ONES TO WATCH: STAGE | FEATURE
Ones to Watch: Stage
Compiled by Claudia Rutherford and Chris Williams
Rising in popularity, the Common Wealth theatre company pursue an ambition in voicing the struggles of working-class people. The company’s core project is to produce art that communicates the real concerns of everyday people, and in a post-Grenfell Britain, their work could not feel more relevant. This year’s successes included a poignant performance of Class: The Elephant in the Room and the vibrant and affirmative production of We’re Still Here, where the cast was comprised mainly of real steelworkers lent an opportunity to express themselves regarding the potential closing of Tata Steel in Port Talbot. The driving forces of the Common Wealth collective are artistic directors Rhiannon White and Evie Manning. Whilst Manning lives in Bradford, White is a born-and-bred Cardiffian, committed to engaging Welsh communities through the stage. Their art is strictly political, aiming to articulate social struggles through theatre and art.
Poetry has often been labelled a defining aspect of Welsh culture, and next year, it looks like Welsh youth will be leading the way. Active in the Welsh poetry scene is Cardiff-born performance poet, Sarah McCreadie. She is a BBC 1Xtra ‘Words First’ artist, and a member of the Roundhouse Poetry Collective. McCreadie combines a passion for topics on love and growing up LGBT with a subtle wit. In her poem I’ve Been Waiting my Whole Life for You, she discusses the hardships of dealing with archaic reactions to ‘two women holding hands’, announcing that a ‘man can’t understand how something so earth-turning and heavenly can take place without him’. McCreadie handles societal issues and deeply personal themes with great capability. Most recently, the young Welsh poet supported Holly McNish at the Wales Millennium Centre, whilst also headlining the Juke Open Mic Bespoken stage at Folli Festival in Castell Coch.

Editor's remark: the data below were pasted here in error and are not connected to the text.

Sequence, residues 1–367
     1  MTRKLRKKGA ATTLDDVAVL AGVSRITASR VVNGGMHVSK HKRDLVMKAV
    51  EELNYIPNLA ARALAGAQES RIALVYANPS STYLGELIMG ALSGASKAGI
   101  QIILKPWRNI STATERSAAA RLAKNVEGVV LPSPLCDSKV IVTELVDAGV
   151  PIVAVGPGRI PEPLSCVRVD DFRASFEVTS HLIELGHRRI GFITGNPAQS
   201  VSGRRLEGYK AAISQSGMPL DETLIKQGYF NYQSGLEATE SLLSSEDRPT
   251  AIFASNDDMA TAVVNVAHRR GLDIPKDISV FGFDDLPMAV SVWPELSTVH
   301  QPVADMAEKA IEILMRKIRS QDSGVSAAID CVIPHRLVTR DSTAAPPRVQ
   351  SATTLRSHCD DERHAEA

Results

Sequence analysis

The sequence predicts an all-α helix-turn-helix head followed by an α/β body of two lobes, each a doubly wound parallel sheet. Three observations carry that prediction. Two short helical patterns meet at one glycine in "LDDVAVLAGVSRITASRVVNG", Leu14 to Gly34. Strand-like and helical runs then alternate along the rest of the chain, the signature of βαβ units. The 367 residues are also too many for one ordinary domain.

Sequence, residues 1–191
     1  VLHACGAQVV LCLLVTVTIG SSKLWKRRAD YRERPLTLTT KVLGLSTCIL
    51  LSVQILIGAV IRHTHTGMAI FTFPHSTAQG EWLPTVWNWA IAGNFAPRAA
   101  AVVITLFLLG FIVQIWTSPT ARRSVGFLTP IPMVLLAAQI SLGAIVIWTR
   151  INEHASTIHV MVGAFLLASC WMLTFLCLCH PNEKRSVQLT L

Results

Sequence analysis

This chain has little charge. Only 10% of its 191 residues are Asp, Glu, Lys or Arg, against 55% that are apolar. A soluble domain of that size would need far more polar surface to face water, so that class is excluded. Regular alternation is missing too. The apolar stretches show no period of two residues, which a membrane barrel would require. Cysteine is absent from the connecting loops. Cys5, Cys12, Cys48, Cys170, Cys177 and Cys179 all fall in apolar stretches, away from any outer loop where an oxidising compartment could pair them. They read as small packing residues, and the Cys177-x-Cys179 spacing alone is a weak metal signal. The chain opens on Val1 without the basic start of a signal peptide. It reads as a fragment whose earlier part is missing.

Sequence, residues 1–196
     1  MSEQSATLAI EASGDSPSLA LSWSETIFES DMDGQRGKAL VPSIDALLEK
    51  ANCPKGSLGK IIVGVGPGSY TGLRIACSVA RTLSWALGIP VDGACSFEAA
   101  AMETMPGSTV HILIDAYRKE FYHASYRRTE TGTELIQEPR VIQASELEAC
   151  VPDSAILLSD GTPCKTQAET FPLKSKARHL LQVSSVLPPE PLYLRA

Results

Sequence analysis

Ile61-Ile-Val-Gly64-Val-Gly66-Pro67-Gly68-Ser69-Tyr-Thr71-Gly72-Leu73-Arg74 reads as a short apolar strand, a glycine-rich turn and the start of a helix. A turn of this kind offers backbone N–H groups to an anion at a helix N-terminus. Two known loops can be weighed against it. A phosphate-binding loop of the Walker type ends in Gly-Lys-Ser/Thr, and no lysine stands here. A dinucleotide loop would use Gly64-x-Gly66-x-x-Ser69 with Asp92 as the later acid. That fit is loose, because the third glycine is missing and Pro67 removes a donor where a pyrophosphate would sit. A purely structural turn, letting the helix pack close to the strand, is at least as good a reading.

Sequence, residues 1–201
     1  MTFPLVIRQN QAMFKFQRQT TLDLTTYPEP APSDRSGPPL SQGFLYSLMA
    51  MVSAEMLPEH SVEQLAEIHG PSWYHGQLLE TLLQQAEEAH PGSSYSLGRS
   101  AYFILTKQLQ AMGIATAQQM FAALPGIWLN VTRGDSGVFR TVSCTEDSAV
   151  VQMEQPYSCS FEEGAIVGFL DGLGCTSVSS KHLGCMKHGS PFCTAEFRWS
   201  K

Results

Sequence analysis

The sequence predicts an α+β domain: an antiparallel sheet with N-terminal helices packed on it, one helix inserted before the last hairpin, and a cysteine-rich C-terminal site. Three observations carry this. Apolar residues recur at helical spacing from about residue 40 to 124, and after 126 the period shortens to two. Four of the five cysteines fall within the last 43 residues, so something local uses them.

Welsh National Opera’s Spring Season
The Welsh National Opera’s spring season, entitled Rabble Rousers, is set to form the start of a three-year collaboration with Theater Bonn. Its main draw is a new production of La forza del destino, which will mark the start of a Verdi trilogy, directed by David Pountney. Revivals of Puccini’s Tosca and Mozart’s Don Giovanni also make up the 2018 Spring season.
It’s unusual to call someone who’s already had a three-decade success in the theatre as ‘one to watch’, but before 2016 most people wouldn’t have heard of Ria Jones. As understudy in Sunset Boulevard last year, Jones had to take to the stage when illness forced Glenn Close to temporarily pull out of the role of Norma Desmond. The resulting reaction, including a six-minute standing ovation, meant the Swansea-born actress has become a household name. Now Jones is heading a UK tour of Sunset Boulevard, playing the WMC in February, whilst getting to play her hometown when it played the Swansea’s Grand Theatre in October.
A graduate of the Royal Welsh College of Music and Drama, Bebb was cast in WMC’s biggest original musical Tiger Bay. From Abercynon, she made her professional debut in the musical, which had previews in South Africa and premiered in Cardiff in November. She received a scholarship from the Andrew Lloyd Webber Foundation and was spotted by producers whilst performing at a gala concert for the RWCMD. In Tiger Bay, she played the leading role of Valleys girl Rowena Pryddy, starring alongside West End stars John Owen-Jones and Noel Sullivan.